Competing in a JIu-Jitsu tournament is fun! You get to do a road trip with your team members, you get to see different cities and you get to win medals. Sounds like the deal of a lifetime. Well, it can be so, when you win. However, when you lose at a Jiu-Jitsu tournament, things do not seem so joyful. In fact, the more you’ve been winning, the harder you’ll deal with losing. And lose you will, that is for certain. So how do you get out of a defeat at a Jiu-Jitsu tournament with your head held high?
A Jiu-Jitsu Tournament is the ultimate test for any grappler. You get to work against people of a similar skill level and similar build, with the simple and clear goal of beating everyone that you slap hands with. Lots of people enjoy competing at Jiu-Jitsu tournaments, but not all that enter enjoy the outcome. Every match has to have a clear winner, and often times in BJJ you’re going to be on the losing end. This can take a real toll on people, especially if you’re in a bad run and have a few losses back to back. You need to cope with your loss the right way in order to deal with it as fast as possible.
Most people that compete often are fairly used to the whole Jiu-Jitsu tournament experience. The multiple mat spaces, the lights, the noise etc. You’re trying to figure out if you’ll really be competing at the prescribed time, doing your best to make out what the announcer is saying. You’re warming up in a corner, still not sure if your weight is exactly on point. And on top of it all, you need to step on the mats and showcase what you got. Now imagine getting out of all this with a loss. It can be a hard experience especially for people new to the scene. There are, however, certain thing s to focus on in order to get right back into the game.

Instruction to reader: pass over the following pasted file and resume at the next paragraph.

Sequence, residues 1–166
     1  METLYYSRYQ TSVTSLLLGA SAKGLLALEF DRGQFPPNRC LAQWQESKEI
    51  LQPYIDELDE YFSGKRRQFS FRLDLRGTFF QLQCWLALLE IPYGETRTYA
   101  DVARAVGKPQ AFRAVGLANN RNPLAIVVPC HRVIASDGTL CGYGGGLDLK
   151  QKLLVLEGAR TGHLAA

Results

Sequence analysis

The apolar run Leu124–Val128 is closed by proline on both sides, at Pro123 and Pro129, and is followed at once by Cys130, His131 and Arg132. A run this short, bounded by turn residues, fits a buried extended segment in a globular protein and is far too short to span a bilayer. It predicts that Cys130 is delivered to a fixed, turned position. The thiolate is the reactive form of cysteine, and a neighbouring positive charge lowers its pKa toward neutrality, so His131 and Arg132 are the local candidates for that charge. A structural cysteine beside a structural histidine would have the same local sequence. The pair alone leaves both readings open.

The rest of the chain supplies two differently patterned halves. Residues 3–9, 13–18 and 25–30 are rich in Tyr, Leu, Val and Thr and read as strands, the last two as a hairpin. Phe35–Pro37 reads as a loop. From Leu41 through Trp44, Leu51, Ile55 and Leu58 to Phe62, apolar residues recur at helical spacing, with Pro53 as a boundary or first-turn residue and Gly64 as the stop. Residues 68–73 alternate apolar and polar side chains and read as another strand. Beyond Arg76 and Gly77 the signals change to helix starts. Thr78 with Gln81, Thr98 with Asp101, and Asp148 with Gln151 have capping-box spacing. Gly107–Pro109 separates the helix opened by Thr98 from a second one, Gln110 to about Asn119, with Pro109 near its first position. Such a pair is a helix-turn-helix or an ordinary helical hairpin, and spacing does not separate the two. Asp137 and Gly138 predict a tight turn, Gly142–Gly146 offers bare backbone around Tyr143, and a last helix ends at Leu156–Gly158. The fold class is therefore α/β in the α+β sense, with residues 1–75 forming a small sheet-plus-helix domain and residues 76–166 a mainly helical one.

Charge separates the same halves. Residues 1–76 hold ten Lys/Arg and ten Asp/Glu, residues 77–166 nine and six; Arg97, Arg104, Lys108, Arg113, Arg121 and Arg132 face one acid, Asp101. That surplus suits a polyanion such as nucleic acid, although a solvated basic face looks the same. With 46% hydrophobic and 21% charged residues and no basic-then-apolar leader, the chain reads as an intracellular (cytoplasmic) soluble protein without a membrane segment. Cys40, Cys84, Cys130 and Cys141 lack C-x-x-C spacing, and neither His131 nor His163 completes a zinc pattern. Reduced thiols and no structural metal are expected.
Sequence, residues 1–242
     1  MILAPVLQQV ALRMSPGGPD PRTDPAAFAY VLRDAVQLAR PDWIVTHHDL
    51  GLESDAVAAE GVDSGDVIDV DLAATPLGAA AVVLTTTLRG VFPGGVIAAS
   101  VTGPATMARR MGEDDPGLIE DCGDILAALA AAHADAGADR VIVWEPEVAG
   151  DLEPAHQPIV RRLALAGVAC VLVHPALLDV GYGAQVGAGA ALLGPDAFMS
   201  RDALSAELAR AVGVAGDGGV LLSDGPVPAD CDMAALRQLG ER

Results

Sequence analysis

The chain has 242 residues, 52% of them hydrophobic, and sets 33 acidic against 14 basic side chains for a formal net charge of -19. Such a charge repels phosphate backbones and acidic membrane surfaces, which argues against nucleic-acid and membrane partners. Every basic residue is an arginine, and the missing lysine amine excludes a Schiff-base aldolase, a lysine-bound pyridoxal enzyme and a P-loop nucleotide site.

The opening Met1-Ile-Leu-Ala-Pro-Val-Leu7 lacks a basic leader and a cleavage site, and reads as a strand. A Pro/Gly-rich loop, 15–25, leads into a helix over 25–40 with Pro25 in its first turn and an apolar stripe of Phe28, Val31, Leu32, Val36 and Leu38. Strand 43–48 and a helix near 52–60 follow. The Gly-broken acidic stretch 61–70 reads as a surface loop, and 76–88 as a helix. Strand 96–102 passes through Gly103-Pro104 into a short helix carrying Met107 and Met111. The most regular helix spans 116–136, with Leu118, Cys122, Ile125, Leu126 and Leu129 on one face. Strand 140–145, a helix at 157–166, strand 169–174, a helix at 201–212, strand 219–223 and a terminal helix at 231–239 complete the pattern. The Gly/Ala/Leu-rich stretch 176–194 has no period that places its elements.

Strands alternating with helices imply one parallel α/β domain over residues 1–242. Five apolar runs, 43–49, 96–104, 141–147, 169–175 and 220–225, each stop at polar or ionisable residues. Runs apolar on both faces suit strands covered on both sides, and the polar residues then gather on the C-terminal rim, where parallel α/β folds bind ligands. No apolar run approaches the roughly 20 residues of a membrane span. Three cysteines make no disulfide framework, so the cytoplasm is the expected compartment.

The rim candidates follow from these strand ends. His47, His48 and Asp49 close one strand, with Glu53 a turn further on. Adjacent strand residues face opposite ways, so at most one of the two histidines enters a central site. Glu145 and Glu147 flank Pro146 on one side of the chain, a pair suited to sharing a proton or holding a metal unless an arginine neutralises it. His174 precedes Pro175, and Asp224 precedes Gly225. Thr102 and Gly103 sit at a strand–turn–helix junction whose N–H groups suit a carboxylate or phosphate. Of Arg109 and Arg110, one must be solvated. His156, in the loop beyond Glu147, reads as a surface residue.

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Common Excuses For Losing At A Jiu-JItsu Tournament
So, you went to a Jiu-Jitsu tournament and you lost. Big deal, right? Well for some people it turns out that it is a very big deal. Or at least the make it one. The fact is that nobody likes to lose. It is in our nature as humans to always strive to be better than others in different areas. BJJ is no different. However, people coming out on the losing end often do not want to accept the loss as it is. In turn, they come up with a plethora of excuses to justify their lack of grappling success.
Some of the classic examples include the “it wasn’t my fault” approach. Finding someone to blame is the easiest thing to do in order to transfer responsibility away from yourself. These usually include the referees (often unjustly), your corner, your diet, your inexperience….. the list goes on and on. While in certain situations some of these might actually be the fact of the matter, stop using them as excuses constantly.
Furthermore, you have the “every defeat is a lesson” approach. You either win or learn in BJJ, but somehow, all that learning doesn’t feel too good. Also, you weren’t really acting as a teacher last time you subbed everyone at a Jiu-Jitsu tournament, were you? Drop this stupid line and focus on what really occurred on the mats prior to the opponent’s hand getting raised. Analyze instead of crying and you won’t have to use the same line again in the future.